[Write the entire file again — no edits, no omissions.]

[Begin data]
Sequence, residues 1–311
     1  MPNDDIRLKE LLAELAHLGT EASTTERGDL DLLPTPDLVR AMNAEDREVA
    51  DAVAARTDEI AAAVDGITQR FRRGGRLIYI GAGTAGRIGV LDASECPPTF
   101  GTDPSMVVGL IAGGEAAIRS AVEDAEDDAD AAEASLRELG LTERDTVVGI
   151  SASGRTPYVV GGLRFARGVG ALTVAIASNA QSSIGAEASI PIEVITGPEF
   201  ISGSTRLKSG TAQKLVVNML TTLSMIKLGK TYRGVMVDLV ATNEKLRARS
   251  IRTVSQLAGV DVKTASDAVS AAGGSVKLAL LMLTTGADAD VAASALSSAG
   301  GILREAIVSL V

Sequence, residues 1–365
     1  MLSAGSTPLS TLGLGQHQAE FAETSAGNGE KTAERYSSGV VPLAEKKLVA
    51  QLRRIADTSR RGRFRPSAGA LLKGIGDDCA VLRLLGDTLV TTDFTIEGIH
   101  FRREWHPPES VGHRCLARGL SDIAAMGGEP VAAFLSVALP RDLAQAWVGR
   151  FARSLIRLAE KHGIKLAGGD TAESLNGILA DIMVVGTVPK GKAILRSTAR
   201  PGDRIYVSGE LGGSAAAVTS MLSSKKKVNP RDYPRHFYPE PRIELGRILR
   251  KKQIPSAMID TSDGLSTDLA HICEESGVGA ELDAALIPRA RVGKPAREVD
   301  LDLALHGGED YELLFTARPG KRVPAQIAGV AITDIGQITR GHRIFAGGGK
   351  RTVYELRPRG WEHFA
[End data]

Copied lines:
Sequence, residues 1–311
     1  MPNDDIRLKE LLAELAHLGT EASTTERGDL DLLPTPDLVR AMNAEDREVA
    51  DAVAARTDEI AAAVDGITQR FRRGGRLIYI GAGTAGRIGV LDASECPPTF
   101  GTDPSMVVGL IAGGEAAIRS AVEDAEDDAD AAEASLRELG LTERDTVVGI
   151  SASGRTPYVV GGLRFARGVG ALTVAIASNA QSSIGAEASI PIEVITGPEF
   201  ISGSTRLKSG TAQKLVVNML TTLSMIKLGK TYRGVMVDLV ATNEKLRARS
   251  IRTVSQLAGV DVKTASDAVS AAGGSVKLAL LMLTTGADAD VAASALSSAG
   301  GILREAIVSL V

Sequence, residues 1–365
     1  MLSAGSTPLS TLGLGQHQAE FAETSAGNGE KTAERYSSGV VPLAEKKLVA
    51  QLRRIADTSR RGRFRPSAGA LLKGIGDDCA VLRLLGDTLV TTDFTIEGIH
   101  FRREWHPPES VGHRCLARGL SDIAAMGGEP VAAFLSVALP RDLAQAWVGR
   151  FARSLIRLAE KHGIKLAGGD TAESLNGILA DIMVVGTVPK GKAILRSTAR
   201  PGDRIYVSGE LGGSAAAVTS MLSSKKKVNP RDYPRHFYPE PRIELGRILR
   251  KKQIPSAMID TSDGLSTDLA HICEESGVGA ELDAALIPRA RVGKPAREVD
   301  LDLALHGGED YELLFTARPG KRVPAQIAGV AITDIGQITR GHRIFAGGGK
   351  RTVYELRPRG WEHFA